Several years ago, I had a client who was working to prevent deaths from severe allergic reactions. They had developed an epinephrine auto-injector, which featured a clever voice prompt system to ensure proper usage and delivery of the drug. Of the six million people in the U.S. at risk of anaphylaxis, nearly half have reported the fear that their caregivers – or that they themselves – will misunderstand how to utilize an auto-injector. Even more worrisome is the link between delay in treatment and death from these reactions. This kind of innovation might not only change a customer’s life, but quite possibly save it.

It must become your mission to do this thing not because you want to, but because you have to. Tweet This Quote

Kaléo, the developer of the Auvi-Q injector, knows the meaning they bring to the world. That meaning has driven them through the long, hard stages of launching their business, gaining FDA approval, and entering a market stacked with established pharmaceutical players. Their success is built on a long history of struggle that’s difficult to overcome without a deep, guiding mission.

Is the world a better place with your company in it? Do you make a perceptible difference? Without sound answers to those questions, it can be difficult to defend why your endeavor is relevant or necessary – and to see it through the hard times.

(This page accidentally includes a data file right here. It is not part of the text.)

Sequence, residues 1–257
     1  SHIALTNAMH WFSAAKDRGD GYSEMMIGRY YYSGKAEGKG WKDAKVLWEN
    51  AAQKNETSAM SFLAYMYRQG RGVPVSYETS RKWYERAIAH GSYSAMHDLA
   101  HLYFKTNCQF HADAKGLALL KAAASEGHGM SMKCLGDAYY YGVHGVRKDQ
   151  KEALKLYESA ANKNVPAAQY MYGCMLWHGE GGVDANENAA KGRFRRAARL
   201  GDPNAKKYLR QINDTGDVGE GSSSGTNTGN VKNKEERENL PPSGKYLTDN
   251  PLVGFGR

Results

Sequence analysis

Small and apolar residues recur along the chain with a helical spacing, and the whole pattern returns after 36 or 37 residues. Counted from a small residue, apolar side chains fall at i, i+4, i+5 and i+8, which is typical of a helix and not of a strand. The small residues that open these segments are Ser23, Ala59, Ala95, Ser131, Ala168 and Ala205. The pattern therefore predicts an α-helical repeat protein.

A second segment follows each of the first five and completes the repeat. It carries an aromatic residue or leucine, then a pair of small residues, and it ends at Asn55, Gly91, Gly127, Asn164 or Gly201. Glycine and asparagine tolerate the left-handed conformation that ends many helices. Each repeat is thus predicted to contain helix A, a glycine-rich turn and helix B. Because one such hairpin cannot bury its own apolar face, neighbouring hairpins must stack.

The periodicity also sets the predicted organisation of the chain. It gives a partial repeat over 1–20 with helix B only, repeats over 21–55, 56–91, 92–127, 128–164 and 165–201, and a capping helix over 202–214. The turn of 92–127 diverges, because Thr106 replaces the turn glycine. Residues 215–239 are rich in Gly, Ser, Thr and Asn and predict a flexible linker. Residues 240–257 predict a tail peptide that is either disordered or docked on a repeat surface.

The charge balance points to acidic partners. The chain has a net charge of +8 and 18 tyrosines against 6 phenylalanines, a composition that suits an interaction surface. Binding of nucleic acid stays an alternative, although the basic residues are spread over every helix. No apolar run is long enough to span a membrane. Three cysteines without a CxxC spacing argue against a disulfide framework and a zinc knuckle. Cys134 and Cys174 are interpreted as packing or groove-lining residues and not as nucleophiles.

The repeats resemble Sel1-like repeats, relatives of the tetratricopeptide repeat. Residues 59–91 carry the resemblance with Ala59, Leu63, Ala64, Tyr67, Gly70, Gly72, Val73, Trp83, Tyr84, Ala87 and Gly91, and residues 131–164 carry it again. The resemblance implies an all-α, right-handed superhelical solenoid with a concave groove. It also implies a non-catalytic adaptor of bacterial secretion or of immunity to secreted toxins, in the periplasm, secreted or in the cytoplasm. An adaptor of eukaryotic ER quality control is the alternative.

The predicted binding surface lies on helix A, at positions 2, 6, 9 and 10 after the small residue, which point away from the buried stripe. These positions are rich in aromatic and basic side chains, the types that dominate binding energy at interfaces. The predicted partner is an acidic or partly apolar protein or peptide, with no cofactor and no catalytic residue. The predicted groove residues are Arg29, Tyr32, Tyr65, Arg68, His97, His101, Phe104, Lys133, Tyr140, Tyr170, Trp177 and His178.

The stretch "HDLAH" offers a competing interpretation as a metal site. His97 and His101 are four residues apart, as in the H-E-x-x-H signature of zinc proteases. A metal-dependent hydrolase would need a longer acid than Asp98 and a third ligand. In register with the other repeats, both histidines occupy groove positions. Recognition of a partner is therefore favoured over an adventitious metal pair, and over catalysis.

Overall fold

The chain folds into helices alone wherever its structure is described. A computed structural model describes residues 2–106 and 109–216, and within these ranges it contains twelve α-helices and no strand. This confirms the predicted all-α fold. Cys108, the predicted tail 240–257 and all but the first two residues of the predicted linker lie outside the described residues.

2. Purpose
Once you know why you matter, you must translate your sense of meaning into action. It is not enough to simply have a purpose; more importantly, you have to act with purpose. Every product, every feature, and every service you offer must speak back to your essential reason for being.

Purpose is about intentionality and clarity. It’s about making decisions with your meaning in mind and ensuring that it does not get buried in the complexities of day-to-day decision-making. And it’s about pursuing your endeavor with a religious zeal. It must become your mission to do this thing not because you want to, but because you have to.

Invest in your purpose by systematically questioning even basic decisions. How does this action further our mission? How might we do this differently to create more meaning?

3. Focus
Once you are acting with purpose, you must then find focus. One of the biggest reasons for my frequent failures is that I take on too many divergent projects and spread my efforts too thin. I have an attention deficit issue when it comes to things that interest and excite me. I take on too many things because I want to do everything – but everything is not one thing. Success requires the focus to understand and own that one thing.

Most people see the world as it is. Entrepreneurs see the world as it can be. Tweet This Quote